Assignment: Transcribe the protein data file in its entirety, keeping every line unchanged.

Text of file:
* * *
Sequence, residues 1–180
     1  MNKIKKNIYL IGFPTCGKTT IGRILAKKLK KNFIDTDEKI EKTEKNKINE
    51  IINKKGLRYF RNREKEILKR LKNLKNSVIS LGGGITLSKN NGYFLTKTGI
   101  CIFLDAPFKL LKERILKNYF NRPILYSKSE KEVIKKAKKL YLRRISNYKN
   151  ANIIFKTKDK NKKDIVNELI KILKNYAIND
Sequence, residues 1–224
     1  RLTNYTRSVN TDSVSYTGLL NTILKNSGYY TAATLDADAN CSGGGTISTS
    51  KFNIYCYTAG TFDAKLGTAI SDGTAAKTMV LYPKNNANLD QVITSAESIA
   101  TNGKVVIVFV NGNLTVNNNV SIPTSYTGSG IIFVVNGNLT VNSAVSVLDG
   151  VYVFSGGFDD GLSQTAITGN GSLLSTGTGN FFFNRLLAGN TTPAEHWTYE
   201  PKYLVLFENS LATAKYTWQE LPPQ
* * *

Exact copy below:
Sequence, residues 1–180
     1  MNKIKKNIYL IGFPTCGKTT IGRILAKKLK KNFIDTDEKI EKTEKNKINE
    51  IINKKGLRYF RNREKEILKR LKNLKNSVIS LGGGITLSKN NGYFLTKTGI
   101  CIFLDAPFKL LKERILKNYF NRPILYSKSE KEVIKKAKKL YLRRISNYKN
   151  ANIIFKTKDK NKKDIVNELI KILKNYAIND
Sequence, residues 1–224
     1  RLTNYTRSVN TDSVSYTGLL NTILKNSGYY TAATLDADAN CSGGGTISTS
    51  KFNIYCYTAG TFDAKLGTAI SDGTAAKTMV LYPKNNANLD QVITSAESIA
   101  TNGKVVIVFV NGNLTVNNNV SIPTSYTGSG IIFVVNGNLT VNSAVSVLDG
   151  VYVFSGGFDD GLSQTAITGN GSLLSTGTGN FFFNRLLAGN TTPAEHWTYE
   201  PKYLVLFENS LATAKYTWQE LPPQ